I then dry the plate and remove the protective coat- Next I apply a conventional rub-up ink to the plate, after using a dilute solution of ortho phosphoric acid which serves to keep the chrome non-image areas passivated or nonreceptive to ink while the ink is applied into the image. Apparently, also the dilute ortho phosphoric acid avoids or minimizes unwanted oxidation of the ferrous printing area.

For storage and protection against handling a protective coating of gum arabic is finally applied to the plate which may easily be removed when the plate is to be placed on the press for printing. Again. if the plate is to be used for printing a color which is different from the conventional black rub-on ink, this ink may also be removed with a thin varnish or the like reduced with a solvent such as turpentine thereby also protecting the image areas from contamination or oxidation.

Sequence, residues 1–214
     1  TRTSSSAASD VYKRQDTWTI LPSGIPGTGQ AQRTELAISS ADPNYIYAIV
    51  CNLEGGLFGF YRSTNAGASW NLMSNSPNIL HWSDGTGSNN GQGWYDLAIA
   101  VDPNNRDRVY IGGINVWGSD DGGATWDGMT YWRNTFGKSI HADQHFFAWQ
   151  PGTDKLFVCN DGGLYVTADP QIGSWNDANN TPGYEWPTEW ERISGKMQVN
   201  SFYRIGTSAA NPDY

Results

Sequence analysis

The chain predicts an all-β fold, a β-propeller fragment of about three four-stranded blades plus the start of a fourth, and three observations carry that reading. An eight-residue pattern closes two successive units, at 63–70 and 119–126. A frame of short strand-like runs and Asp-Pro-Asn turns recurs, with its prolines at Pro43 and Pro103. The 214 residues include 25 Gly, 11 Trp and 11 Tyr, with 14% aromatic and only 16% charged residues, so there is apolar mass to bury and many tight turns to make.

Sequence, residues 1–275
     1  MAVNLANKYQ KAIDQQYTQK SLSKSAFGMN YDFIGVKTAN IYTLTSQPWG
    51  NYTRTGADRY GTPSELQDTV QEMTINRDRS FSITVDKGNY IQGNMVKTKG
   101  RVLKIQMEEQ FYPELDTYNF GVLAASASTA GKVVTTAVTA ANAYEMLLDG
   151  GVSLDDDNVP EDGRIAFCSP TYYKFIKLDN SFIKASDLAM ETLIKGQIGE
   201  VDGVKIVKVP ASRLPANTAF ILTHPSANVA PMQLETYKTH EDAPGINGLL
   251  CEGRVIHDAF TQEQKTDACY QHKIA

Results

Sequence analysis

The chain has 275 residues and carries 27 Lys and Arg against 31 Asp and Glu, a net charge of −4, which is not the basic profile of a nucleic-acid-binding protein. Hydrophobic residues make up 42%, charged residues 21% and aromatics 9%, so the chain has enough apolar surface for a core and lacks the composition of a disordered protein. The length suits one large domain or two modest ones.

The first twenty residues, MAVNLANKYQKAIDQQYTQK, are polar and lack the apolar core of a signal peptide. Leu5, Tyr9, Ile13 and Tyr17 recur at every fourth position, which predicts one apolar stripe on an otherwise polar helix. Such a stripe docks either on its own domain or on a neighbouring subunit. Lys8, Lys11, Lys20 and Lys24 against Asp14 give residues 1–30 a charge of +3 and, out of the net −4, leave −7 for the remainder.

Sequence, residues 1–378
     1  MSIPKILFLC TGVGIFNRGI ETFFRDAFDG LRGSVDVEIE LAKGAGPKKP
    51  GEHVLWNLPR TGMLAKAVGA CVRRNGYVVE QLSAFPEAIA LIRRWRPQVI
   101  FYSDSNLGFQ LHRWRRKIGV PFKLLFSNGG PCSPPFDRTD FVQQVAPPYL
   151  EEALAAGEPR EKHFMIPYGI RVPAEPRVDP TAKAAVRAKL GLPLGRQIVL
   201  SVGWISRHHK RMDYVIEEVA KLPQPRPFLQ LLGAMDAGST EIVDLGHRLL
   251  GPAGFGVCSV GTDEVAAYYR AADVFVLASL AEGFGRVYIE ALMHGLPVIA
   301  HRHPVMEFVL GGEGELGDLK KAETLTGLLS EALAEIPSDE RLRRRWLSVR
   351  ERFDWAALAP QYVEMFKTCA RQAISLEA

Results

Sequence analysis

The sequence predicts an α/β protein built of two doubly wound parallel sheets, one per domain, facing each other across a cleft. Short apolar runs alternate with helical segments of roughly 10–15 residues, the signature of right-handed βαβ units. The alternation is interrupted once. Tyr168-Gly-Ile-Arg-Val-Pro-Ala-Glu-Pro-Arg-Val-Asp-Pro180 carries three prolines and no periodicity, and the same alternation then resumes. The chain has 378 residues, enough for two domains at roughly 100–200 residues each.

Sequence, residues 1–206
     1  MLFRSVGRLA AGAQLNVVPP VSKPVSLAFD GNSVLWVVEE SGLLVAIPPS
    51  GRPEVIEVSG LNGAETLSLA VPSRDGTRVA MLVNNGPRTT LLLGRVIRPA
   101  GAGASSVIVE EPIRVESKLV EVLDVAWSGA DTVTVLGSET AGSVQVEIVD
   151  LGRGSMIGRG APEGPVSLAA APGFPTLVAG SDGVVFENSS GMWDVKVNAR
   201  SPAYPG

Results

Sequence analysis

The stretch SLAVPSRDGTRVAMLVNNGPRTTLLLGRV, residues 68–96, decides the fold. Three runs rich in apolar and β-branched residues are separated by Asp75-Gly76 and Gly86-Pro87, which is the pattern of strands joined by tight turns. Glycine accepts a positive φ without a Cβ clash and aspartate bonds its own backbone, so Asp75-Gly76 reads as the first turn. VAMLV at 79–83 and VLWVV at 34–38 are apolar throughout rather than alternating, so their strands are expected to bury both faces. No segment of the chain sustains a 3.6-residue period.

As indicated above, a feature of the present invention lies in the manner of printing with the plates described,

aeoaeae- At the present time, considerable difliculty occurs in using known Zinc, aluminum or copper plates, particularly with regard to press shut-downs. In many instances after a number of printing impressions has been made, the press roll, riders, steel drums and so on refuse to accept ink and the so-called roller stripping occurs. It is common practice when this occurs 'to shut down the press in order to clean residual ink, moisture, emulsions thereof and the like from the press equipment with a variety of cleaning formulations in order to reactivate the ink receptive surfaces. This entails a considerable expense due to labor costs and due to loss of press efiiciency.